By 2016 there was already a growing anti-corruption movement in Pakistan but the corruption was so extensive that it was apparent that only a small minority of senior government and military officials were not corrupt. Many of the politicians identified in the Panama Papers come from wealthy families and can make a case (true or not) for the offshore accounts not containing any money stolen from the government. But for government employees (like army officers) subsisting on a government salary, details of large fortunes hidden away in foreign banks are more difficult to explain away. The military deals with this more effectively by sacrificing some of the greedier and less discreet officers and insisting their “internal investigation is continuing” until senior politicians start getting investigated and punished.

India and Western nations were also alarmed that some of the Pakistani officers dismissed because of the Panama Papers revelation may have been associated with the nuclear weapons program. That apparently was not the case, if only because those working with the nukes are more carefully selected and constantly monitored. Some ISI and army officers believe that such corruption was patriotic because some of the drug money they received went to fund the “black budget”, as in money used to support Islamic terrorism operations that the military wanted no paper trail connecting them to.

This is a problem now because one reason Imran Khan got elected leader of Pakistan in 2018 was because he did not come from old money but made his modest fortune as a cricket champion who got too old to play in the 1990s and entered politics. Kahn always stressed his humble origins, and modest lifestyle paid for with money made as a champion sportsman. Kahn sought votes from Islamic parties and got military support in 2017-18, something he denies but might be confirmed in the Pandora Papers. So far, several wealthy Khan supporters and members of his government have been identified.

Khan has other problems as well as he is still being publicly mocked as a tool of the military by Ahsan Iqbal, the new leader of PML-L, the former ruling party. The party lost a quarter of its seats in parliament because the party leader and prime minister was associated with corruption. Ahsan Iqbal is clean and the military knows it. They tried to kill him in 2018 but their ISI sponsored Islamic terrorist failed and got arrested. The army tried fake corruption charges and that was thrown out of court. Reporting Iqbal’s activities in Pakistani media is restricted as much as possible. The army has intimidated most of the large media outlets but does not control them. Iqbal also makes the point that the world knows what is going on in Pakistan and that is the reason for the growing list of sanctions and failing economy.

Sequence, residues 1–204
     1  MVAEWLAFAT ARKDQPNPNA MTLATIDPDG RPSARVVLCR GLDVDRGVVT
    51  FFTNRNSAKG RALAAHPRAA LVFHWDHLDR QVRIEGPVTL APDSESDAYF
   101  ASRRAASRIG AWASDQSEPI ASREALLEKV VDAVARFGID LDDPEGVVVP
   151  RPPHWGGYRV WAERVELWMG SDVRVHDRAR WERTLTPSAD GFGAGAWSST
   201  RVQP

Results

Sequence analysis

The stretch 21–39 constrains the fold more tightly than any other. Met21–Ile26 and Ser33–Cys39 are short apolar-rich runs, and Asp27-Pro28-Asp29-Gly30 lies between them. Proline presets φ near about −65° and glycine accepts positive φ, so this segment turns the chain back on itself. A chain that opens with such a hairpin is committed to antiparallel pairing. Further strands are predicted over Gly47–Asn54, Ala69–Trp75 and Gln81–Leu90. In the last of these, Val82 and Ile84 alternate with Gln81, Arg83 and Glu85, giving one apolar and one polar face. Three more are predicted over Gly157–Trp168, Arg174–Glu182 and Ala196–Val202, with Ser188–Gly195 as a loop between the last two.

October 3, 2021: The Afghanistan Taliban IEA government declared that Kabul international airport is again ready to handle international flights. There has already been some traffic from Qatar, Pakistan, and the UAE (United Arab Emirates). The IEA has made it a lot more expensive to fly in and out of the country. Airport used fees, as well as the cost of obtaining a visa or an airline ticket have gone up enormously. The IEA needs the money and this is one the few ways to get it,

October 2, 2021: In eastern Afghanistan some TTP (Pakistan Taliban) crossed the Pakistani border into North Waziristan and ambushed a Pakistani patrol, killing four soldiers and one policeman. The TTP gunmen then fled back into Afghanistan. These attacks despite Pakistani and IEA efforts to work out a peace deal with the TTP.

Pakistani prime minister Imran Khan repeated his belief that foreign nations, including the United States, would eventually have to recognize the Taliban IEA government and resume diplomatic and economic relations with Afghanistan. That’s a minority opinion in Afghanistan and Pakistan. Kahn is taking a lot of heat from Pakistanis who have seen their incomes fall or disappear because of the collapse of the Afghan economy. Khan has been a longtime fan of the Taliban, earning him the nickname; Taliban Khan.

October 1, 2021: In northwest Pakistan (North Waziristan) TTP gunmen ambushed a military convoy and killed five soldiers. There have been a lot more attacks like this in the last few weeks, apparently to demonstrate that the TTP was still active despite the new IEA government in Afghanistan, where most TTP bases are. Pakistan asked the IEA to go after the TTP but not much has been done by the IEA, which is busy with growing anti-government.

September 28, 2021: In southwest Pakistan (Baluchistan) Sunni Islamic terrorists, firing across the border from Iran killed a border guard.

In northwest Pakistan (South Waziristan) troops found and fought with a group of TTP gunmen, killing ten of them, including four known leaders.